A recap of Moore v. US and its potential impacts on the nation's tax system
On December 5, the U.S. Supreme Court heard arguments for Moore v. U.S. At issue in Moore, is the constitutionality of taxes imposed on the undistributed past and current earnings and profits of a controlled foreign corporation, or CFC. The impact of the Supreme Court’s impending decision on the case could have far-reaching ramifications.
A CFC is a foreign corporation in which U.S. shareholders own a threshold percent of the outstanding stock or total combined voting power. The taxes on CFCs were enacted under the 2017 Tax Cuts and Jobs Act, TCJA, through the expansion of the definition of subpart F income to include current CFC income and the creation of a one-time Mandatory Repatriation Tax, MRT, on past CFC income. Prior to the TCJA, there were no U.S. laws allowing the federal government to tax CFC income which remained outside the U.S. For such income to be taxed, it had to come into the United States in some capacity, such as through a distribution to a U.S. shareholder.
Moore v. U.S.
The appellants, Charles and Kathleen Moore, became minority shareholders of a CFC in 2005. The CFC retained and reinvested all of its earnings and profits from 2006 through 2017. As a result, no distributions were made to the Moores during this time, and the Moores did not pay any U.S. tax on the company’s earnings and profits. However, following the enactment of the TCJA, the Moores amended their 2017 tax return to include the MRT, resulting in an additional $15,130 tax liability. The Moores challenged the imposition of this tax, bringing a suit in U.S. District Court to recover the amount paid. Following unfavorable decisions in the District Court and Court of Appeals, the Moores appealed to the U.S. Supreme Court.
The Moores argue that the MRT is unconstitutional because it violates Article I, Section 9, Clause 4, known as the Apportionment Clause, of the U.S. Constitution, which states that no direct tax can be levied unless in proportion to the census. The Sixteenth Amendment removes the apportionment requirement for the levy and collection of income taxes; however, the Moores assert that the Sixteenth Amendment does not apply because unrealized earnings do not constitute income. In the alternative, the Moores argue that the MRT applies retroactively in violation of the Fifth Amendment’s Due Process Clause, which provides that, as applied to the federal government, no one shall be “deprived of life, liberty or property without due process of law.”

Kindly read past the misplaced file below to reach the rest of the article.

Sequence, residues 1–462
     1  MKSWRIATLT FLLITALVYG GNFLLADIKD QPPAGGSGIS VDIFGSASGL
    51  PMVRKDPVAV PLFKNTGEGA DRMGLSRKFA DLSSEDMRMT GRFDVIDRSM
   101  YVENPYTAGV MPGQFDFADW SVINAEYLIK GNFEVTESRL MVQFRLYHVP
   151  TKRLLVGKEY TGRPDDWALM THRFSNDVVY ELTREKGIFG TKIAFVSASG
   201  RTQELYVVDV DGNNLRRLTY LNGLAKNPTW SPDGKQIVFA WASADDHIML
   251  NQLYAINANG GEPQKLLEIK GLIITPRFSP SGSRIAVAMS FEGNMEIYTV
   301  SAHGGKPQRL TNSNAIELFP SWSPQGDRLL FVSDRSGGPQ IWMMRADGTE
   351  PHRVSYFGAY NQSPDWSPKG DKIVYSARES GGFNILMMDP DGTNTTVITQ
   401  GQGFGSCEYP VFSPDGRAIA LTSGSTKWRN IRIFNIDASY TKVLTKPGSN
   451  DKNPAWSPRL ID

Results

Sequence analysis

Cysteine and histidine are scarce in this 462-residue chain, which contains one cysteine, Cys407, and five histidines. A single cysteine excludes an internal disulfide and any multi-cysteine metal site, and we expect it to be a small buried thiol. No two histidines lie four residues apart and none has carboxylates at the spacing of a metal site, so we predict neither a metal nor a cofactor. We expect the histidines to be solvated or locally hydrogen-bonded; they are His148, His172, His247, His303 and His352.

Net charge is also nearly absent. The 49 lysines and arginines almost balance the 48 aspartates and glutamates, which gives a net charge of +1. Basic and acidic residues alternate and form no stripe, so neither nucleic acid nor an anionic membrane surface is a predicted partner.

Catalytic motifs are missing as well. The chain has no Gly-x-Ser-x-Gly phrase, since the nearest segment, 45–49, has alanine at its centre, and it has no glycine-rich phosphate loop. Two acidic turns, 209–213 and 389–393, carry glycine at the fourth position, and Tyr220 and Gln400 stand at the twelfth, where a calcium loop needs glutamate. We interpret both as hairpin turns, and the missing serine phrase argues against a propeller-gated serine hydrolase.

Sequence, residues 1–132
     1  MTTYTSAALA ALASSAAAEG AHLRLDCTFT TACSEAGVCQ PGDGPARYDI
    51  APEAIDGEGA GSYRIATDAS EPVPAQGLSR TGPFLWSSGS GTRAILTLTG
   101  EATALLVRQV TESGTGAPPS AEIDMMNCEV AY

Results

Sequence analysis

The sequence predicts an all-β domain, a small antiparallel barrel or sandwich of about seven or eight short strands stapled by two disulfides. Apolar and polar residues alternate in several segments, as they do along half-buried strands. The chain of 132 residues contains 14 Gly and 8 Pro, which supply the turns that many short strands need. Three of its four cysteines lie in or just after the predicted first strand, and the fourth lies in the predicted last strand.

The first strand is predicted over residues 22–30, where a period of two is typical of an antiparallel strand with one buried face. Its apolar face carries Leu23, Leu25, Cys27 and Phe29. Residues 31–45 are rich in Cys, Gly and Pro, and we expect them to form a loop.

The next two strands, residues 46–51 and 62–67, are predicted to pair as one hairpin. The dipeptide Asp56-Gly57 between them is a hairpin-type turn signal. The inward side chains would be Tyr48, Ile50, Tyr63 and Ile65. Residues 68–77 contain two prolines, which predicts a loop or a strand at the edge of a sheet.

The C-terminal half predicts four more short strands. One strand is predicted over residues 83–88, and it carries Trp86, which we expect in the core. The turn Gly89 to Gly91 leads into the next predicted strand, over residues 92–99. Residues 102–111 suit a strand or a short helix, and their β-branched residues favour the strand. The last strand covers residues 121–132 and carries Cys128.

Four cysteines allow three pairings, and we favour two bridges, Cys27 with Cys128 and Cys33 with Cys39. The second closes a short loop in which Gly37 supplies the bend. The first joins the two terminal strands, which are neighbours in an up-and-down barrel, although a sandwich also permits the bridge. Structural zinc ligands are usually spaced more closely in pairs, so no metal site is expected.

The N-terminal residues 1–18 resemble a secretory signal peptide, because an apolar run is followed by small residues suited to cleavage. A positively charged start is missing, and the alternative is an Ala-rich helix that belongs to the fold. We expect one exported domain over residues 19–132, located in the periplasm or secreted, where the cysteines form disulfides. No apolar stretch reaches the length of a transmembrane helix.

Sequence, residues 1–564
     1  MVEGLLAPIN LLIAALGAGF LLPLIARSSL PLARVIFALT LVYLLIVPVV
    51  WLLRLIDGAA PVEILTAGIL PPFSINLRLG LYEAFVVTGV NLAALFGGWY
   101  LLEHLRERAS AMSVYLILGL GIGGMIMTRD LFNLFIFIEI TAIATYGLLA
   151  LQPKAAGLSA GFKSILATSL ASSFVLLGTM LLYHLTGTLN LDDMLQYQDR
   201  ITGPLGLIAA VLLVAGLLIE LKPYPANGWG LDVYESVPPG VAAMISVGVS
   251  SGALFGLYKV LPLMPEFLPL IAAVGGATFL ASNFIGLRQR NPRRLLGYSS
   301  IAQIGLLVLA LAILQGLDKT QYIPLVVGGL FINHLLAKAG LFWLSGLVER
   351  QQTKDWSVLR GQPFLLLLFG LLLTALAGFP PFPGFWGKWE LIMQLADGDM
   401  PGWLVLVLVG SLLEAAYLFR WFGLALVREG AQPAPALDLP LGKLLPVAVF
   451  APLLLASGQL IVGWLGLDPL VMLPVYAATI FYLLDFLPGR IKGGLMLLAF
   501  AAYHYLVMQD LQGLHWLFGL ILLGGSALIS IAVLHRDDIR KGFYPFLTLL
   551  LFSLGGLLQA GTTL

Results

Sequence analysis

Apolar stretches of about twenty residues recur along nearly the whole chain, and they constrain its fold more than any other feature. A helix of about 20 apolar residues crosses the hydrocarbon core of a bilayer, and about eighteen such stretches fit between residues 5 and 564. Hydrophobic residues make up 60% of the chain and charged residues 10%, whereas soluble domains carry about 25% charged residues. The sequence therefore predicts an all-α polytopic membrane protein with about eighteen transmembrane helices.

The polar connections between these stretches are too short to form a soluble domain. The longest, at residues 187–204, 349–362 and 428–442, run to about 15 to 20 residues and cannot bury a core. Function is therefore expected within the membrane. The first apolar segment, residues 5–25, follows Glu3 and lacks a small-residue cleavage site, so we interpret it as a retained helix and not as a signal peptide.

The government contends that the MRT is, in fact, an income tax and notes that the understanding of the Sixteenth Amendment at the time of adoption was that income taxes were to be levied on income generally, rather than to only realized or distributed income. The government alternatively argues that the MRT is constitutional because it is an excise tax.
Aside from the technical legal issues at play, both parties, and supporters of each, are concerned as to the potential widespread ramifications of the decision.
The Moores’ concern is that in declaring the MRT constitutional, it green lights Congress to circumvent the Apportionment Clause whenever they wish by simply defining certain funds as income. Supporters of the Moores, such as the Atlantic Legal Foundation, further believe that upholding the MRT would pave the way for a wealth tax, which could impact everything from retirement accounts to international corporations.
The District Court, which sided with the government, stressed that declaring the MRT unconstitutional opens the door to the constitutionality of other taxes being called into question. In its amicus brief, the American Tax Policy Institute echoed the District Court’s position, stating that declaring the MRT unconstitutional would be “profoundly destabilizing” to the U.S. tax system, as it would cause the constitutionality of other provisions of the TCJA, and other types of tax, to be called into question.
Given the potential impacts of the case, taxpayers and tax professionals alike are eager to hear how the Supreme Court will ultimately rule. A decision in this case is expected by June 2024.